Your Leadership Story - Part 2

The TYPE Reporter, Issue No. 91 written by Susan Scanlon

(The TYPE Reporter is a newsletter about your personality type, and how it influences you in all the stages of life. You can subscribe by contacting Susan Scanlon, INFJ, Editor, 703-764-5370, or on the website.)

"What if all you had to do to be a leader was speak and listen in a slightly different way, and suddenly, you would be connecting with others and changing the world?"

My husband, John Scanlon, has spent his career inciting people to leadership. According to him, each of us has a "leadership story" inside of us. Our "leadership story" is so compelling, about a change that would add so much to the world, that if we spoke it people would want to help us make it happen. "When I'm talking about a leader," says John, "I'm not talking about a supervisor or a manager, someone who gives orders or makes sure everyone is doing their job. I'm talking about someone who is able to enroll others to help them in a campaign to change the world. What they want to see happen is so much bigger than what they can possibly do alone that they need the help of many people."

In the last issue, we described how to speak our leadership stories. In this issue, we're going to describe how to listen to people as they react to our leadership stories, so we can help them feel involved and add their energy, skills, knowledge and passion to our campaign to change the world. (Susan Scanlon, Editor)


Use Feeling to listen for what makes people proud.
The secret of all leaders is that they know how to make people feel proud. They may make people feel proud of their country, race, religion, sex, the company they work for, the neighborhood they live in, the work they do, or even the thoughts they are thinking. Just remember how Jesus made people proud to be human, Martin Luther King Jr. made people proud to be black, and Germaine Greer made people proud to be female.

If we want to be leaders, and draw people toward us to help change the world, we should keep in mind that first and foremost, people want to feel proud. What we want to do is engage them in thinking about our ideas, but in a way that makes them feel proud and excited.

When John goes into organizations, the first thing he asks people are questions that make them feel proud. He calls them "effective questions," because they elicit responses from people that make them feel effective. His questions might be…

     What's working in this organization?
     What are you doing right?
     What are you proud of recently?

He avoids the usual questions like, "What's wrong with this company?" What are the problems?" and "What are you failing at?" because those kind of questions tend to make people feel anxious, ashamed and defeated before they begin. He has learned from experience that discussions based on negative questions go around and around and seldom lead to productive action.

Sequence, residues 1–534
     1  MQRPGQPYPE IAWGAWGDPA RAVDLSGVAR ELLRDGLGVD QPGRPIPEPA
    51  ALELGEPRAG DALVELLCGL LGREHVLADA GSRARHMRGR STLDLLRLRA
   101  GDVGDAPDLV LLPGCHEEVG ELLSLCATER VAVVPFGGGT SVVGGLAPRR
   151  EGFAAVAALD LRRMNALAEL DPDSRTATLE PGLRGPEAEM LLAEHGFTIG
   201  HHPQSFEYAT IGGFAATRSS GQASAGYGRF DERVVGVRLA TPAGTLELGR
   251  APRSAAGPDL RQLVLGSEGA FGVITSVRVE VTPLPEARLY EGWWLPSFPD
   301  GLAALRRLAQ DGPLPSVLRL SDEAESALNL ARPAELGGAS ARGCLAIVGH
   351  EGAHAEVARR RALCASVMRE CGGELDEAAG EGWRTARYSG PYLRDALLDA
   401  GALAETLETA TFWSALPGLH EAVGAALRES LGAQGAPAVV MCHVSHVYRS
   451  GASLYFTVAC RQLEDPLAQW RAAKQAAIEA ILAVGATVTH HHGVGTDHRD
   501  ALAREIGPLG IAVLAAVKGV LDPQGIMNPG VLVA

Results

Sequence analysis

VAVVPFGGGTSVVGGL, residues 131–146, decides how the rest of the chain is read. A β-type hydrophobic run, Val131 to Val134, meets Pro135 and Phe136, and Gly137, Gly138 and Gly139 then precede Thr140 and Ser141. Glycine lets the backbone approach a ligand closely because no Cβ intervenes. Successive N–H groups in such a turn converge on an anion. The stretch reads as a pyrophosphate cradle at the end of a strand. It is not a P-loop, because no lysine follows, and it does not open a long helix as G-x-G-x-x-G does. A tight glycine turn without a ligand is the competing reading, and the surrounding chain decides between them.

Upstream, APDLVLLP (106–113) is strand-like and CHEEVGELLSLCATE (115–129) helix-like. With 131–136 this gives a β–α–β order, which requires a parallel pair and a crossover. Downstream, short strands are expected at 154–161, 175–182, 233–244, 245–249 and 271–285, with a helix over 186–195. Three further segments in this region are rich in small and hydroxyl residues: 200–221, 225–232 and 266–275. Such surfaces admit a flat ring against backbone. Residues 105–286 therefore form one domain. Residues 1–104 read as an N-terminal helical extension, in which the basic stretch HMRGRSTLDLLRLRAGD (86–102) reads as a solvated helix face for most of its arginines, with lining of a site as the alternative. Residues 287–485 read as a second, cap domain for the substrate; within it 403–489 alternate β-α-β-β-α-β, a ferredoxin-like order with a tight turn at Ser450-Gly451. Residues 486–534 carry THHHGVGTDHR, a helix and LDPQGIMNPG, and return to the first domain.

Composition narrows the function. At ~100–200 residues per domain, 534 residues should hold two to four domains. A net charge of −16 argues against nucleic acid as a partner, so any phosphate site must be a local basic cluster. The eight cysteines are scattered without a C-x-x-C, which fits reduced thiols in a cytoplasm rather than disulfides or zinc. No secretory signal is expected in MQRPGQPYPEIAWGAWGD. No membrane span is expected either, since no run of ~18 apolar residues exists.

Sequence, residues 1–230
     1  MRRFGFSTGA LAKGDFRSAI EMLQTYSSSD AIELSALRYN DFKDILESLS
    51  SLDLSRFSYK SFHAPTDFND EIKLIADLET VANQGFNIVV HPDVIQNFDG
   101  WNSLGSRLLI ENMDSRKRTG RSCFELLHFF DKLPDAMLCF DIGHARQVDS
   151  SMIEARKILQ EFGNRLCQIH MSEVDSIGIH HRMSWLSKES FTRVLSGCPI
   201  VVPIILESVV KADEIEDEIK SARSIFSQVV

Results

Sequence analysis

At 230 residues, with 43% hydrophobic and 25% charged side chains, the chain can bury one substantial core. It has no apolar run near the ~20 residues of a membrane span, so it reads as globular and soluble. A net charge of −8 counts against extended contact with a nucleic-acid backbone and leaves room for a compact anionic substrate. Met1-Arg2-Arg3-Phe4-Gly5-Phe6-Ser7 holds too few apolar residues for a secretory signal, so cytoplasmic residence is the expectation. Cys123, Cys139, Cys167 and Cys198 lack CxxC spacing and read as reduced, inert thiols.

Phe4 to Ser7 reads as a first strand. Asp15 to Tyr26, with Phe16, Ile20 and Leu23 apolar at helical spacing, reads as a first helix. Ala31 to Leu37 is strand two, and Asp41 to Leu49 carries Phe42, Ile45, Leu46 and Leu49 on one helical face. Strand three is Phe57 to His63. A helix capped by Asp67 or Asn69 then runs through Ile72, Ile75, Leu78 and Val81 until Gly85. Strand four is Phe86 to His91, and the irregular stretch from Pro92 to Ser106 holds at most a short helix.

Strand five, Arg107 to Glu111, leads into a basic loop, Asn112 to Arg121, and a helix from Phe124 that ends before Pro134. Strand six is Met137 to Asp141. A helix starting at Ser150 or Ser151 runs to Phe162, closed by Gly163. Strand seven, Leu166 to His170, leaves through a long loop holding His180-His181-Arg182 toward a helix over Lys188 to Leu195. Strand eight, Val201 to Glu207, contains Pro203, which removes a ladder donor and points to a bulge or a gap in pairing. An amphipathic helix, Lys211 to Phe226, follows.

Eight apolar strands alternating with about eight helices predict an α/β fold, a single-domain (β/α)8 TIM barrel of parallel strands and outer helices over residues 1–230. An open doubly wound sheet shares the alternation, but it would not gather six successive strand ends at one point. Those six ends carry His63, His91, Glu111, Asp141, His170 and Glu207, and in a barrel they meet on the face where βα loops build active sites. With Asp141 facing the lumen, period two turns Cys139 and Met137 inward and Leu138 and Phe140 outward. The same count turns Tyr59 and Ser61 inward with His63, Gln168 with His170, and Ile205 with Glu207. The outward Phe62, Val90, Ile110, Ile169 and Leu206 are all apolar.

After we introduce our leadership stories to other people, and have answered their questions about it, we can ask people questions that are likely to make them feel proud in the context of our ideas. For example, when I bring up my ideas that students should have more choices in their educations, I can ask people "effective questions" that are likely to get them talking about the educational choices they are proud of, like…

     "What are you most proud of having learned?"
     "What are you most proud of having taught others?"
     "What are you most proud of in the way you have educated your children?"

With these "effective questions," I'm helping people feel proud of their educational decisions, and showing them that they are the best ones to be making them.

This is the Feeling part of our listening. We're listening for what makes people feel proud and effective in the context of our ideas. As a result, we are "leading" them to find pride and excitement in our campaign. That may allow them, at the very least, to hear us, and at the very most, to help us.

Use Sensing to listen for where they are offering to help.
Once, I was telling a woman about how home schooling has allowed my children to have many choices in their education, and I wished that all students could have that many options. She responded by saying, "My son has written a book about how to reform the school system. You should read it."

I didn't express much interest and the subject was dropped. Later, John said to me, "Why didn't you get the name of that book?" "I don't want to read a book about how to reform the school system," I told him. "I want to get kids out of it. Can't she see that?"